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Old 08-04-2005, 03:10 PM   #41 (permalink)
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A Turing Machine, my other cousin was telling me about that once. It was kind of a difficult concept to grasp, maybe if I looked it up now (that was almost a year ago) I will better understand it.

What do you mean 'string logic'?
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Old 08-04-2005, 03:23 PM   #42 (permalink)
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Stimulus/response is an example sting logic. String logic is that all actions are inherenetly interconnected (strung together) with each other...like the brain.....programming is a string of interrelated commands all connected to goal or funciton of the program. If you remember DOS commands and the error: divide stack overflow.....DOS reads an instruction outside of the string of internal commands and program logic and whammmoooooo.....Sorry, Will Rodgers, that does not compute!!! (lost in space robot Robbie) In other words, the command lies outside of the internal logic of the program and the OS goes to brain death...Blue screen of death is an example. :0 or too much time with the kegerator!!!
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Old 08-04-2005, 03:29 PM   #43 (permalink)
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Whew, I took an entire class on just this stuff once, so bear with me, I'll try to distill it:

Strings are just... strings. Call it "input" to your program...

Let me define a string "aabbbbbbababab"

It doesn't mean much by itself, its just a string.

A "language" is a pattern (the language is like what your program is looking for) that can be understood by a "machine". So, a turing machine is just a theoretical construct of a "machine" that involves an infinitely long tape that stretches in both directions. The machine has a definition (a string that defines how it behaves) and it reads the tape. So, read head moves right, reads a value from the tape, depending on the value, moves some number of steps left or right, and reads again. The definition of the machine (like the source code of the program) defines the behavior of a machine.

A machine is designed to be able to "recognize" a "language". There are certain classes of languages that are "machine recognizable". This really goes beyond the scope of the discussion, but suffice it to say, any program that can be computed by a computer is "turing recognizable". (There are also lesser forms of machines that can interpret simpler languages. The simpler languages might be called "regular expressions", etc)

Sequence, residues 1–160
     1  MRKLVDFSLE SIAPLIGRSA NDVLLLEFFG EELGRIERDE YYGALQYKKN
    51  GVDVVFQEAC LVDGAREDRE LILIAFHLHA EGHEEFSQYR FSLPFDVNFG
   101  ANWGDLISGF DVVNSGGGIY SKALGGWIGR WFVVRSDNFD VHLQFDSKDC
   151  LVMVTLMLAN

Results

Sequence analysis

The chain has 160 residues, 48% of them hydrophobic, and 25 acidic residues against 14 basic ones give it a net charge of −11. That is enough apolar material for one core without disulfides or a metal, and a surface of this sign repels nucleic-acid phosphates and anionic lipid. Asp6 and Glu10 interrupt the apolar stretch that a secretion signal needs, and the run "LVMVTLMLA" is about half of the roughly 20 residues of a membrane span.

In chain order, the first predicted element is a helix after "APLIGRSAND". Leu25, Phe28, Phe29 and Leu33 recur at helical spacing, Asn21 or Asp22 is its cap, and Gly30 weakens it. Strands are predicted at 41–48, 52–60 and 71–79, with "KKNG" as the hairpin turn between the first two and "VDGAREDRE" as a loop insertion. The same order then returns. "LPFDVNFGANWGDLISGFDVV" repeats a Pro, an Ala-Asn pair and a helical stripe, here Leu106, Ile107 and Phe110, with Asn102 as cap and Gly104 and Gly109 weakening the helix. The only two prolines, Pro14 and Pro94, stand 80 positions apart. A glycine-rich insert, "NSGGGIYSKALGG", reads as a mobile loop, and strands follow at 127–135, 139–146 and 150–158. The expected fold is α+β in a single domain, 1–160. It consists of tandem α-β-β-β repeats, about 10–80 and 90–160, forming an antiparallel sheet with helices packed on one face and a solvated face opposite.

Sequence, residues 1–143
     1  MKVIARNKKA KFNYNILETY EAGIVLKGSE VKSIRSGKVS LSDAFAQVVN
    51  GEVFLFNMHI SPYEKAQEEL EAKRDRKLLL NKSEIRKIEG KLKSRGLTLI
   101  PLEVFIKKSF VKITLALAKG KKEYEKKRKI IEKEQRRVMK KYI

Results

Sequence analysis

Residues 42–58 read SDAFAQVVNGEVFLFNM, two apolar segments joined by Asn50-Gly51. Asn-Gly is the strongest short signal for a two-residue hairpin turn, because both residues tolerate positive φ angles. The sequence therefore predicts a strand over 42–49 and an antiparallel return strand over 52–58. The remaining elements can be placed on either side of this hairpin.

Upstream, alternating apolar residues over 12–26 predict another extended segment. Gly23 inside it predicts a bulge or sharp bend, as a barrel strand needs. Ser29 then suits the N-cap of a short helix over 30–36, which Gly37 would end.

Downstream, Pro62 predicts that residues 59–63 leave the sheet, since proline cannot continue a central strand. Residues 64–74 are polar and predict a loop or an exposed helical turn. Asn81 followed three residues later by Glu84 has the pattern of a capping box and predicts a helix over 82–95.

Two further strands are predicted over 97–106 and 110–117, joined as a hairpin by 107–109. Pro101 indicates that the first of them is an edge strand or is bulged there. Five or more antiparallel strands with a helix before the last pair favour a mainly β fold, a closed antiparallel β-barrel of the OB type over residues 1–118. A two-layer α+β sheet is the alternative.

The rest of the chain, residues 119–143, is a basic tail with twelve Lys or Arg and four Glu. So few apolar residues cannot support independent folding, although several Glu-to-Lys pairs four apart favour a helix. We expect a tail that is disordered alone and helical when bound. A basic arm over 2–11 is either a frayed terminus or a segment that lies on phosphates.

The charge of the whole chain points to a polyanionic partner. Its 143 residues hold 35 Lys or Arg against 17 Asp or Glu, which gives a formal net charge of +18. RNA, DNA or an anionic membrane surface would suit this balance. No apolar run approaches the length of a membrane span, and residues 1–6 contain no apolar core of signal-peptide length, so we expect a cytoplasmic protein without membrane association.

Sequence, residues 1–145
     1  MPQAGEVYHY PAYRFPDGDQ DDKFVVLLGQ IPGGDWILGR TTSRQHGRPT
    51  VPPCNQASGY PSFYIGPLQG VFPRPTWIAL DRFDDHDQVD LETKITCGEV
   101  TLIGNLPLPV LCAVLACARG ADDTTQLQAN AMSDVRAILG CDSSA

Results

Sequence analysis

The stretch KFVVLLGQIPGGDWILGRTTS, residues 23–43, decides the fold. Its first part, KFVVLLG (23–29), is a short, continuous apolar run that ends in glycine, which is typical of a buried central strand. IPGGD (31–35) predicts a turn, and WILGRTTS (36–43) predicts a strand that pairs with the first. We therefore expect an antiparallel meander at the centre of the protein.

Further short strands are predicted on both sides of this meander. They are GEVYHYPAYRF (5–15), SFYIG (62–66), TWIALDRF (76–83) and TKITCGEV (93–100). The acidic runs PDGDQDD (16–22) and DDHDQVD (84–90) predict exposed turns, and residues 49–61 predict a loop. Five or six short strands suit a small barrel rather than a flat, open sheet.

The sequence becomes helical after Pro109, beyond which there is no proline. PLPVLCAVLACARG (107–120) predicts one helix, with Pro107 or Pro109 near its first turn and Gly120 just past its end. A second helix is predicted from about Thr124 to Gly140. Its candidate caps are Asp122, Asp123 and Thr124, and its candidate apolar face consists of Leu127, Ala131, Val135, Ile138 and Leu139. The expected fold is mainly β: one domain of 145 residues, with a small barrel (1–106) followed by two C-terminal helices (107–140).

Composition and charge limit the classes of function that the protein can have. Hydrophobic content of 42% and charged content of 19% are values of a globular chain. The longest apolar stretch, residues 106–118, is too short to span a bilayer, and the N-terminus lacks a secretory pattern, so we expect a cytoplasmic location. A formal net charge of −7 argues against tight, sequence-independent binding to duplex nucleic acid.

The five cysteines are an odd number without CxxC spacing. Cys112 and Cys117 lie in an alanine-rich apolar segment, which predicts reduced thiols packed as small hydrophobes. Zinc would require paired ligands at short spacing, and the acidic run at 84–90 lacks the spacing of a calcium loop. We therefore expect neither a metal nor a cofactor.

Anyway, so, if I define a machine by a string (trust me, its possible, but the way this is done is beyond the scope of this discussion), I want it to parse the input string, evaluate it, and IF it "belongs to the language defined by the machine", then I halt and "accept". If it does not fit my language, I halt and "reject." (Pass/Fail)

So, the language:
ab*a*b
This language just defines a language that begins with an 'a', has 0 or more b's (* is the Kleene star, which denotes that a character may occur 0 or more times), has 0 or more a's, and terminates with a b.

So if I define my machine to "accept" that language, then if I input:
aaabab
The machine rejects, because it does not meet the language. (Too many a's at the start)
If I input:
abbbaaab
The machine accepts, because it fits the language.

And, believe it or not, you can build ALL of modern programming theory out of these simple ideas. Its staggeringly complex though. I hope that made some sense.
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Old 08-04-2005, 03:37 PM   #44 (permalink)
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Quote:
Originally posted by TheHeadFL
Its staggeringly complex though. I hope that made some sense.
I could of told you that! Oh man, thats heavy. i'm going to have to reread that a few times before I know completely what you mean. I got the basic idea of a turing machine though. Based on one set of instructions, it goes to the enxt set which tells it where to go and so on.

I'm digging the knowledge, feel free to throw as much my way as you'd like. You dont have to dumb it down either, leave the deciphering of it up to me.
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Old 08-04-2005, 05:23 PM   #45 (permalink)
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Humans, being conscoius of themselves and outside stuff, have a very sophisticated string logic board. It's called the central cortex...i.e., both sides of your cerebrum........now for the mind blowing part. Intel CPU's contain (I really don't know) but lets say 5x10 to the sixth transitors/interconnections. 5 million. The average human brain has 18 billion nerurons, and their average interfaces contain an addtional potential 10 to the sixth swithes (on and off swtiches that interface with other neurons).
so...18 billion x 1,000,000. Lets build a CPU with current micro co-prossesor (SP?) technology. One MIT electrical engineer made this statement given the above information about the human brain: In order to build a CPU with that many interconnections it would be 10 stories tall and cover the entire state of Texas. Goose bumps anyone???................and some moron's actually believe this was accomplished by natural selection. ROLF!!!!!!!!! Try and write some code to that system!!!!!